After the Second World War a period of austerity was inevitable and petrol was in very short supply. Not surprisingly there was a demand for lightweight vehicles that could provide personal transport whilst sipping fuel in as miserly a way as possible. The Bond Minicar was the unfortunate progeny of this situation.
Three wheeled vehicles started to become very popular, because the government in their wisdom taxed them as motorbikes and not cars, and they could be driven by people with just motorbike licences. Amongst others, an engineer named Lawrie Bond started to construct lightweight three wheelers with tiny engines, which stretched out the precious fuel supplies as much as possible. These were very basic cars indeed; Bond's first creations didn't even have a rear suspension. However at a price below £200 and with a low taxation level they were very popular. Fair enough performance was not exactly exhilarating; a single cylinder 200 cc two-stroke engine is not the most powerful one in the world but at least it enabled owners to get from A to B with reasonable weather protection, and it could cruise at about 30 mph with a top speed of perhaps 60 mph with a decent tailwind. So far so good.
Lawrie Bond had been an aeronautic engineer during the war and had become quite familiar with the use of aluminium, which was used for the bodywork initially, and his cars were amongst the first to use fibreglass body panels. He had gone into partnership with a military vehicle manufacturer called Sharps Commercials which, like many other post-war engineering companies, was looking for new products to build and together they steadily developed their brainchild.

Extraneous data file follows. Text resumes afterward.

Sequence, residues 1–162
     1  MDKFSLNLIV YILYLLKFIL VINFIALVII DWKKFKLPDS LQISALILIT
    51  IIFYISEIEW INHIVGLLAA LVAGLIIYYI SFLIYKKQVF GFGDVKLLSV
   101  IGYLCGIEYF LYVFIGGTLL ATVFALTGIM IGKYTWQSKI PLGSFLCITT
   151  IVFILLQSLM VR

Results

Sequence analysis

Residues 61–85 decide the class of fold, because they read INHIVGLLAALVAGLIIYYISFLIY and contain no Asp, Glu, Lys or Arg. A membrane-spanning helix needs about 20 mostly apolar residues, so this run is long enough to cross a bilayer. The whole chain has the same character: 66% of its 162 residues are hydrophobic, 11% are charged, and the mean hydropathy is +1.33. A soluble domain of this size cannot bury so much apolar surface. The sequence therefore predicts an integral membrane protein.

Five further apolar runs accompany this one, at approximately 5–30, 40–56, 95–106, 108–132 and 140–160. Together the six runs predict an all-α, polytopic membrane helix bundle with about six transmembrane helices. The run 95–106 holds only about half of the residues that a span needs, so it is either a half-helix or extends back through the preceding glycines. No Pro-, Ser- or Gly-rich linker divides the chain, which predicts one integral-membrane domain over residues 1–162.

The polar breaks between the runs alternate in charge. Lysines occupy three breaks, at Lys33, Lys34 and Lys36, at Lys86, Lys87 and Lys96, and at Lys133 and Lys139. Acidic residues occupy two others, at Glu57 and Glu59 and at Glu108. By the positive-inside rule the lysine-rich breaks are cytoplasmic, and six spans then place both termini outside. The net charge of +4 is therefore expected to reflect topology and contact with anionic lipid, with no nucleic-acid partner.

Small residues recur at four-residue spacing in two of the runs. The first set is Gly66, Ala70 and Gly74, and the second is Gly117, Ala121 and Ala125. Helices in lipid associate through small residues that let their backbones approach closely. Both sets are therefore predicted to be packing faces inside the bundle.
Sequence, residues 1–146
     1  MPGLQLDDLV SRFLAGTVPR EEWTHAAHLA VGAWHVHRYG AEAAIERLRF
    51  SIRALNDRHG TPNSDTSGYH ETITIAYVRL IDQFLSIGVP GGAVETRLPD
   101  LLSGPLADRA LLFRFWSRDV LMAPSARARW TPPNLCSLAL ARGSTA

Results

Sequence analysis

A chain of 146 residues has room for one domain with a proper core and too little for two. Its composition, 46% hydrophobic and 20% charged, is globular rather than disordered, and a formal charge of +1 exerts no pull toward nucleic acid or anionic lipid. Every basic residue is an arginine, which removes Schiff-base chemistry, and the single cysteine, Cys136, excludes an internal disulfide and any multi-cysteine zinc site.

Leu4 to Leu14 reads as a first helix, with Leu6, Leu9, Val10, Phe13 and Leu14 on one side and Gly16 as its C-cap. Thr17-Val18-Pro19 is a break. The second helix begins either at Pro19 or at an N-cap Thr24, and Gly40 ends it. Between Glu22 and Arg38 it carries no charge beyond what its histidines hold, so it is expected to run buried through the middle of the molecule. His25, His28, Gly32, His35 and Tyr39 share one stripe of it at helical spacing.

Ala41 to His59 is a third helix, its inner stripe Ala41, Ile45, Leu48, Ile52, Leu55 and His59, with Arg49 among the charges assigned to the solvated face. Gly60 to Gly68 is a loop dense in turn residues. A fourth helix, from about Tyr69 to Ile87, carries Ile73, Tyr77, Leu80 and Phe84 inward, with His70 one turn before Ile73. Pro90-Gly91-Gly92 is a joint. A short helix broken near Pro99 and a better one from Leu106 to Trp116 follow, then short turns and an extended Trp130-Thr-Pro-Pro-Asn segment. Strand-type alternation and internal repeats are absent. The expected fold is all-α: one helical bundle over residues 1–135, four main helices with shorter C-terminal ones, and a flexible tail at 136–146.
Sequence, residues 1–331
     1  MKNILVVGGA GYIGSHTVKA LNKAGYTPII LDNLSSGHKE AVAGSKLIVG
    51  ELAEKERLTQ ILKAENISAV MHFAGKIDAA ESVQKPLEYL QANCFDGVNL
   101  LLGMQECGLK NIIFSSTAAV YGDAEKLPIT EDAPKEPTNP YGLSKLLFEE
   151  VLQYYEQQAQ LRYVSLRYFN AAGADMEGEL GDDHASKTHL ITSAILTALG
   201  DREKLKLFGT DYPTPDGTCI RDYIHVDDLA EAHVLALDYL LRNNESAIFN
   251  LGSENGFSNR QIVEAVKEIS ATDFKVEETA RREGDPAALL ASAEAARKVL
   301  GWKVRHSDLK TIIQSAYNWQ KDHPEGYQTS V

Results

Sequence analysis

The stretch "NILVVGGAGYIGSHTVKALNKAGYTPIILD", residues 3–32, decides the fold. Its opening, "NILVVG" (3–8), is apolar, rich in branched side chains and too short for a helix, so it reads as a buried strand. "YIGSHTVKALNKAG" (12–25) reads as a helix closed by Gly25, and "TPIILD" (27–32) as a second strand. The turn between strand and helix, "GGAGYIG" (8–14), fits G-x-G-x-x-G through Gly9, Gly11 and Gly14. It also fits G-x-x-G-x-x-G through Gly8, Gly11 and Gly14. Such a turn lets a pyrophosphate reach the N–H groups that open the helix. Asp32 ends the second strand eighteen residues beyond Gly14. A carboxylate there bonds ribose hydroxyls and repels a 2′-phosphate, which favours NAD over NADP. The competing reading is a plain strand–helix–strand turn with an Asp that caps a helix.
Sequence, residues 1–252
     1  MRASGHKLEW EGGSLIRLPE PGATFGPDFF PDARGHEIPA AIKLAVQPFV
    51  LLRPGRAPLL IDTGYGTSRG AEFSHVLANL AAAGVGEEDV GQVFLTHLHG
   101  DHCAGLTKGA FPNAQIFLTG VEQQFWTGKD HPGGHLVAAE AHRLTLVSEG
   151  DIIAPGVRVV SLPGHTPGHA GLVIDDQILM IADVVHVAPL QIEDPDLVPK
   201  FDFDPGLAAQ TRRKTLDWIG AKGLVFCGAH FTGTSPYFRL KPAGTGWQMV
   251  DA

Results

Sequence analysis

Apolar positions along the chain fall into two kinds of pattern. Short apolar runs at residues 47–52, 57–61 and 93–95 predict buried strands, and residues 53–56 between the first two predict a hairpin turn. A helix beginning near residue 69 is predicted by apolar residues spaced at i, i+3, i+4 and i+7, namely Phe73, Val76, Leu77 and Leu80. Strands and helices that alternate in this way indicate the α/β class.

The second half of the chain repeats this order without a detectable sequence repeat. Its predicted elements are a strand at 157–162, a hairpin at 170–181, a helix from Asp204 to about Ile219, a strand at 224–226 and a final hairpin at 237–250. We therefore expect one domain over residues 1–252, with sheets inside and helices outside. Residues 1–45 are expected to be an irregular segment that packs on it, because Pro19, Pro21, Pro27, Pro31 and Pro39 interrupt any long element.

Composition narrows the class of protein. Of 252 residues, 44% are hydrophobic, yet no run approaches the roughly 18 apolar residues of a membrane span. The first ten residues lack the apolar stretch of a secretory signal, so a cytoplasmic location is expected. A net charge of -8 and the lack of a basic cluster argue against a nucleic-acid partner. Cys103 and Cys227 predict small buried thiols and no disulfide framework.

By 1957, with rising expectations, the original design was starting to look somewhat threadbare and so a larger car, the MkE, was designed and a prototype built. This was roomier and more comfortable than it's predecessor (although this was not difficult to achieve) but there was only one real problem with it; it really didn't like corners. Tipping over was far more likely than sweeping gracefully around a bend. Redesign was necessary; it was made shorter and wider and by 1959 it was reasonably stable provided that speeds were kept low and there were no strong crosswinds!
This was economy motoring writ large. the Minicar was extremely basic, uncomfortable, unstable and downright dangerous if driven by anyone with a sense of adventure but it was cheap and economical and so production continued until 1966 by which time more than 24,000 of them had been built. The final death knell was sounded by a reduction in purchase tax on cars to a level which matched the tax on three wheelers; and this took away their main selling point. However, Despite their obvious drawbacks, they are still much loved by a tightly knit group of enthusiasts.